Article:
BY Jackie Holbrook October 4, 2022
’Tis the season of bugles across the Northwest. Many Western hunters spend September chasing rutting elk, and mid-September is prime time to pursue wapiti, especially with a bow. From Sept. 9 through 22, on and off, I chased elk during Montana’s archery season. Despite uncomfortably high temperatures, I saw lots of daylight rut action during the second week. Bulls were chasing cows hard as they rounded up their herds. By the third week, it seemed that herds were established, and satellite bulls were coming to calls to try to steal cows.
Because most hunting pressure into early October revolves around elk, hunters have interesting opportunities to target deer. In areas without significant elk populations, there’s often minimal hunting pressure during this period. Whitetails appear to still be in pre-rut patterns, so they can be easier to figure out. This past week, I spent some time in a treestand in search of a whitetail buck. The weather conditions weren’t great. Temperatures were in the 90s, and the wind was pretty swirly. I saw minimal daylight activity. I spotted a couple of young bucks moving, but mature bucks stayed hidden.
Although drought conditions across the Northwest appear to be better overall than in 2021, some areas are experiencing extreme drought. Southeastern Wyoming’s drought conditions are as severe if not worse than in 2021, according to the Wyoming Game and Fish Department. Many other areas across the Northwest are unusually dry. Conditions might be better overall, but this past year’s drought affected deer populations in some areas.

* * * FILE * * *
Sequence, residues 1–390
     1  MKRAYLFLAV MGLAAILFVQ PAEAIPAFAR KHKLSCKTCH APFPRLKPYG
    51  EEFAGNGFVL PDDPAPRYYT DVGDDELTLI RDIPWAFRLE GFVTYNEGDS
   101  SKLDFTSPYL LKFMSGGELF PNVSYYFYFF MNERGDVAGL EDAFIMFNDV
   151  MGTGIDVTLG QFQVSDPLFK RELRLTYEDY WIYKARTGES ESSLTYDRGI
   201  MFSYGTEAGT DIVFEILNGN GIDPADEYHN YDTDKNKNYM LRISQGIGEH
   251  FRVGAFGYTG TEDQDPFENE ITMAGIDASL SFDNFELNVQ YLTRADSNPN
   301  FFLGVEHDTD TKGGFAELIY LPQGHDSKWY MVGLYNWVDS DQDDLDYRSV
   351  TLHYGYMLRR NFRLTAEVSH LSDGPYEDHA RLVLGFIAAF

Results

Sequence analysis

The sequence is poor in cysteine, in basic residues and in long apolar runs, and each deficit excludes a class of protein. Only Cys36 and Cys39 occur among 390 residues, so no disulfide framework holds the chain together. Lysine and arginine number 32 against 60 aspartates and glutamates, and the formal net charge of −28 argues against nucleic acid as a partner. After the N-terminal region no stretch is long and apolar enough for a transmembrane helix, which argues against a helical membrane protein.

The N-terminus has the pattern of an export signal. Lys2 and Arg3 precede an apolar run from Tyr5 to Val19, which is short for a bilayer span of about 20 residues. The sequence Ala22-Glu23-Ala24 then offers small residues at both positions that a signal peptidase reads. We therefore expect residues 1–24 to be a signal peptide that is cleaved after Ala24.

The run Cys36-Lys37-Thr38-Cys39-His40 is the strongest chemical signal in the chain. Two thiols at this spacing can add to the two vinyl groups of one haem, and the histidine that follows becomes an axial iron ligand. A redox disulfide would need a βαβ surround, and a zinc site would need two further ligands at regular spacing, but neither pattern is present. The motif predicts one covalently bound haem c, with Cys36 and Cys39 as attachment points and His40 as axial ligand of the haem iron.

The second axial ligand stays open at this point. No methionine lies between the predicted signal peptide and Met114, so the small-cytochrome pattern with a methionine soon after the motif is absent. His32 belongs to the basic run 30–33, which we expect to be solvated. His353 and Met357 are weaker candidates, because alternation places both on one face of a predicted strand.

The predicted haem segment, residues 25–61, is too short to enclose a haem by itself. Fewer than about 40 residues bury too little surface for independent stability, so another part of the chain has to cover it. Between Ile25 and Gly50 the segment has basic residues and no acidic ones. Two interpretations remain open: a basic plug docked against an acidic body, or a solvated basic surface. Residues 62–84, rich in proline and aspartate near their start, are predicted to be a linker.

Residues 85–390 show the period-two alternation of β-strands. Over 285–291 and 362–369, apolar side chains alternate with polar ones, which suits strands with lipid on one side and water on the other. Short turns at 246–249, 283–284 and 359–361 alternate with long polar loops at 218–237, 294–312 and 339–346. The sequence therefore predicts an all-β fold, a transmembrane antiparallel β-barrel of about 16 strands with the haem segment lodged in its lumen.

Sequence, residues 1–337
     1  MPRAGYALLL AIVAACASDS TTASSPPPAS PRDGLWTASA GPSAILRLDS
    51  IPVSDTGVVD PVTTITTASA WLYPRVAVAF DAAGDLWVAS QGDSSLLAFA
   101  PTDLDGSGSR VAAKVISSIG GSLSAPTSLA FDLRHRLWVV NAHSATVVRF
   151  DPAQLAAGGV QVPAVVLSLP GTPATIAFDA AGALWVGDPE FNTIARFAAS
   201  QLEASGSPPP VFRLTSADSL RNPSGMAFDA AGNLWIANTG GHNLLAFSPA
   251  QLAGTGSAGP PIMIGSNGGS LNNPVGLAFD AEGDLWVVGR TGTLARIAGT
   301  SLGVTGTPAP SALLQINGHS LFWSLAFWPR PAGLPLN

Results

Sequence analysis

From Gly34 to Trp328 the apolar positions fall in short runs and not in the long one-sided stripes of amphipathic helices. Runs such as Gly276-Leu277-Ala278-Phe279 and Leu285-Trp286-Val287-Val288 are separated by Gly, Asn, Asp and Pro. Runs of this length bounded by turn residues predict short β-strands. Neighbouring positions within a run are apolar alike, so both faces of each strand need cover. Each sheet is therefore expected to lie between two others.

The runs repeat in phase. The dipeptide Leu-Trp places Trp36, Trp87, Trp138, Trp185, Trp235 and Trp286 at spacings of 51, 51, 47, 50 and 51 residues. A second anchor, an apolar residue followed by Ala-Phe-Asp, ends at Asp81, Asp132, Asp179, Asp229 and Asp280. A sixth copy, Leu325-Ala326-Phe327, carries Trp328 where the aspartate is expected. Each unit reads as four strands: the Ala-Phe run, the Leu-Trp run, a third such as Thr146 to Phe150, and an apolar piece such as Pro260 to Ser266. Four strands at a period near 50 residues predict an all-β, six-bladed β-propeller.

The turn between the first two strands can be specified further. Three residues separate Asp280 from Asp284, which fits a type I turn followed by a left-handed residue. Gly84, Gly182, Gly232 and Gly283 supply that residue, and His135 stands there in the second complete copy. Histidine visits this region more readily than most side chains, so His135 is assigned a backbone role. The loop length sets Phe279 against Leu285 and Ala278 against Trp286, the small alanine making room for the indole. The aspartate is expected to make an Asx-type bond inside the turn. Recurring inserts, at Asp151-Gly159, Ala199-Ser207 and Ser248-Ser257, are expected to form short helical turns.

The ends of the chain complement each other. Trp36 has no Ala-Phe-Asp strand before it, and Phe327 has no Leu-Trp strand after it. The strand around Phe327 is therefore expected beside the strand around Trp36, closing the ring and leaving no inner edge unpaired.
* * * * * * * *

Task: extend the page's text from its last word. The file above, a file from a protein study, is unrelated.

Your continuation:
Diseases, especially those related to drought, took a toll on some deer populations. Northwestern Wyoming saw mortalities from epizootic hemorrhagic disease and bluetongue virus, according to the WGFD. Idaho saw a significant EHD outbreak that killed about 6,000 to 10,000 whitetails, mostly in portions of the Clearwater Region, according to Idaho Fish and Game. Despite the decline, biologists say white-tailed deer populations in Idaho are more stable than some struggling mule deer populations. Drought also led to EHD outbreaks in parts of southeastern Montana.
Chronic wasting disease is an increasing concern this year in Idaho, Wyoming and Montana. Biologists detected CWD for the first time in Idaho in 2021, in Unit 14. Five animals — including elk, mule deer and white-tailed deer — tested positive. With more confirmed cases every year in those states, biologists are encouraging hunters to get deer tested. CWD has not yet been found in Oregon or Washington, but with confirmed cases in bordering states, officials are on the lookout.
As the bugles on the horizon begin to wane, hunters can look forward to deer activity picking up in the coming weeks.
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